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By Cécile Lucot
Cécile Lucot has lived in St. Barths for ten years. Originally from Bordeaux, this professional journalist was the editor-in-chief of St. Barth Magazine for six years. She then participated in the daily local mini-newspaper "Today" and writes regularly for regional magazines. Once or twice a month, she presents a recap of local news on St. Barths Online.
April 07' 2009 - #102

Overseas Secretary Yves Jégo Visits Saint Barth

On Saturday morning, March 21, the president of the Collectivity of St Barthélemy and members of the UMP political party were at the airport to meet the French Overseas Secretary of State when he arrived from St Martin with his wife. During his brief visit to St Barth, Yves Jégo first met with the gendarmes to discuss various aspects of their new mission as frontier police.  Accompanied by Bruno Magras, senator Michel Magras, and the island’s vice presidents, the Secretary of State was able to change his schedule in order to meet the population during a walk through Gustavia. From the main dock, the delegation walked along the waterfront and examined the dock damaged by the high seas during hurricane Omar. During a stop for a cold drink and a plate of fresh fruit at the La Route des Boucaniers, Yves Jégo met with various island representatives and elected officials on the theme of sustainable development through solar power and electric cars. When they arrived at the Hôtel de la Collectivité a half-hour later, a sizable crowd welcomed Yves Jégo in the council chambers.

In his speech, Bruno Magras first discussed the high cost of living on the island—an average of 20% higher than in Guadeloupe—and asked that when the LODEOM (law for overseas development) passes, to have the amendment adopted by the Senate to adjust prices of necessary products in the other overseas departments, to be applicable in Saint Barth as well. The president then asked the Secretary of State about the fiscal agreement that is still unsettled between the COM and the general finance office. Bruno Magras lastly stated his disappointment in the decision made by the constitutional council on January 8, 2009 rejecting the idea of a deputy to represent the island in the National Assembly.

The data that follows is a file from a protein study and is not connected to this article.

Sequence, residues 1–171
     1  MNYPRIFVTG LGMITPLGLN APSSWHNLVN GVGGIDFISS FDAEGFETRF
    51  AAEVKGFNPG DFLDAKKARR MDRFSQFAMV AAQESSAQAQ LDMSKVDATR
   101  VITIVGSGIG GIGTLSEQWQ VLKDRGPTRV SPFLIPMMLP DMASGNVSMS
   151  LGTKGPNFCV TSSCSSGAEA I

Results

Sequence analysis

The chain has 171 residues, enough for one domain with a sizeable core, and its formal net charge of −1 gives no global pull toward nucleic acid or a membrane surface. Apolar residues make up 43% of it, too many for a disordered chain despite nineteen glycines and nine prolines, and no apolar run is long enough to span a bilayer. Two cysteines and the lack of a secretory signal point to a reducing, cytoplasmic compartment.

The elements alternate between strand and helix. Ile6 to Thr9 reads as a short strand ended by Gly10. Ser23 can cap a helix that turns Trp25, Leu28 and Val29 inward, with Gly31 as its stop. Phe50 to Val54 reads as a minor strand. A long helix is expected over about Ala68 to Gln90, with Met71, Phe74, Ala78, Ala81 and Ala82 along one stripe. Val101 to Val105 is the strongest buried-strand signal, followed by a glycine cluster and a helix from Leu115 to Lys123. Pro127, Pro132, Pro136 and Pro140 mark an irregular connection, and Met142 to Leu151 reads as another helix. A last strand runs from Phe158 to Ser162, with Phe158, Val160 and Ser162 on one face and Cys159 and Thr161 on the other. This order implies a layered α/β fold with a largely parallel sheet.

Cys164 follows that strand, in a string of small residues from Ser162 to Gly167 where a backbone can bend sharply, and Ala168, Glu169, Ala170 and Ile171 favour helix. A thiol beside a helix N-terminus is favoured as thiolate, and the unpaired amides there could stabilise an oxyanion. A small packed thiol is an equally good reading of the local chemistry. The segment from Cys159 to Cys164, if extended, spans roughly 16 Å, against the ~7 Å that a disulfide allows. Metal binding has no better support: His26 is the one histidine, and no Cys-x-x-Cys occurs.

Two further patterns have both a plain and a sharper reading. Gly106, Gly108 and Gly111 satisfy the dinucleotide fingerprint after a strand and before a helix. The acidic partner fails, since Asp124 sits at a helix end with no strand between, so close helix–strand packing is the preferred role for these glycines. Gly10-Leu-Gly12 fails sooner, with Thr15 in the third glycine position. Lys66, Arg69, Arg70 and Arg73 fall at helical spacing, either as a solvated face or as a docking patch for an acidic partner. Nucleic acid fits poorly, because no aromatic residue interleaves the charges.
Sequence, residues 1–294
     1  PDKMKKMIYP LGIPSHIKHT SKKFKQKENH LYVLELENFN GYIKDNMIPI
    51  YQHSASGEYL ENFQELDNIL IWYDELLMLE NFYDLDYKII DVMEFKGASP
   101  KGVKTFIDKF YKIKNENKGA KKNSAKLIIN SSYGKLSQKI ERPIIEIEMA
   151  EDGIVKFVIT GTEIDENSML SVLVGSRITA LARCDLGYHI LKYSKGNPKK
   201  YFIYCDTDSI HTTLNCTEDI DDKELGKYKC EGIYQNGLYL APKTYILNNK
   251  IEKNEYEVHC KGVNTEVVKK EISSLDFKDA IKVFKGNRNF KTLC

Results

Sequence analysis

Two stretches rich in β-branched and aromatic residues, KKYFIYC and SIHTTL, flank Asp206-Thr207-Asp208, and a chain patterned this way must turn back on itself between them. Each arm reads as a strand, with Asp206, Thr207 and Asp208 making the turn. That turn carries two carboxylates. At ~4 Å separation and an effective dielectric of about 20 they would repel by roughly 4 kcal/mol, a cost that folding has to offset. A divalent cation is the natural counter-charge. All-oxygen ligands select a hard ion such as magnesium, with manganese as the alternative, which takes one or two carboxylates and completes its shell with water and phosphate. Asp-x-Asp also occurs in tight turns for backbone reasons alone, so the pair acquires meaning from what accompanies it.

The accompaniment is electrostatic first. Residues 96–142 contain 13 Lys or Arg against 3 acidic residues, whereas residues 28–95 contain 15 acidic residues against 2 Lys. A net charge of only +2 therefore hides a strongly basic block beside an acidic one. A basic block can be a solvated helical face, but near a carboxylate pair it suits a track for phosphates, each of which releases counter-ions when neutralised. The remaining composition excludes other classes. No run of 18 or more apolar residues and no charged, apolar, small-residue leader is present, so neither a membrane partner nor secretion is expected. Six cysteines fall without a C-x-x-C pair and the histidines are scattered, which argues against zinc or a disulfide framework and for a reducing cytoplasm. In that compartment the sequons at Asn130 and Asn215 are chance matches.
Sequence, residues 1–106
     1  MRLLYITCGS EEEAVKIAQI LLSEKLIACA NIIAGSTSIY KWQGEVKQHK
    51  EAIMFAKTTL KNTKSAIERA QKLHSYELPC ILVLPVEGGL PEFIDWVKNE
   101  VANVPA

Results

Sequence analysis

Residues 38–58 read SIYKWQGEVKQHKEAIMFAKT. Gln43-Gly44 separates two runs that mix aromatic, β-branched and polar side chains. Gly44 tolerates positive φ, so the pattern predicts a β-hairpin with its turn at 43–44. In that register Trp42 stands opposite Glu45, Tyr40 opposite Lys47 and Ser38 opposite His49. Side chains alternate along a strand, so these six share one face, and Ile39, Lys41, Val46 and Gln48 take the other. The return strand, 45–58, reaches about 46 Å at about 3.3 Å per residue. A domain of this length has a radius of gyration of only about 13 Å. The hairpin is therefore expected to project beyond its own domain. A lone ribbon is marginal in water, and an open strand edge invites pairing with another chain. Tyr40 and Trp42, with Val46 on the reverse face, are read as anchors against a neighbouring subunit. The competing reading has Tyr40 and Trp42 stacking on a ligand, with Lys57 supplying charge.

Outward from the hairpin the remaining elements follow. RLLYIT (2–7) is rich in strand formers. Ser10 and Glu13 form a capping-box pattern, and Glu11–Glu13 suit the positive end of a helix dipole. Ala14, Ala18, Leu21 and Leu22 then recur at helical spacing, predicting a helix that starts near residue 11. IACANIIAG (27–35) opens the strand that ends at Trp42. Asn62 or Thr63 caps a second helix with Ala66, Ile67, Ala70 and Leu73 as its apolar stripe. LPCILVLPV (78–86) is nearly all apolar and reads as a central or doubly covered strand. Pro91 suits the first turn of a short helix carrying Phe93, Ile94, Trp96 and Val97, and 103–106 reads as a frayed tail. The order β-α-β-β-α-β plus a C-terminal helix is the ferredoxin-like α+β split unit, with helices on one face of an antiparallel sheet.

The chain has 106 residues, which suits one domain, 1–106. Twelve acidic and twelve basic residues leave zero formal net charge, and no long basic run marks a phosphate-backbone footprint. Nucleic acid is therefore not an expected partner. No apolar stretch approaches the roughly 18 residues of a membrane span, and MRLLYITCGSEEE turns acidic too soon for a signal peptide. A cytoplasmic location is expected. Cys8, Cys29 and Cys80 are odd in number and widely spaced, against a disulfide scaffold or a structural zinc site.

After a speech by senator Michel Magras, and one by Christian Lédée, who was named the island’s economic and social councilor in June 2008, Yves Jégo spoke, replying that he had heard the requests that Bruno Magras had made and that the government would support Saint Barth while applauding its desire to ensure its own growth. He noted that all of the decisions made about Guadeloupe following the general strikes would also be applied in St Barth as well as St Martin. Jégo also said that he regretted the decision made by the constitutional council, and indicated that the law could be modified in the future.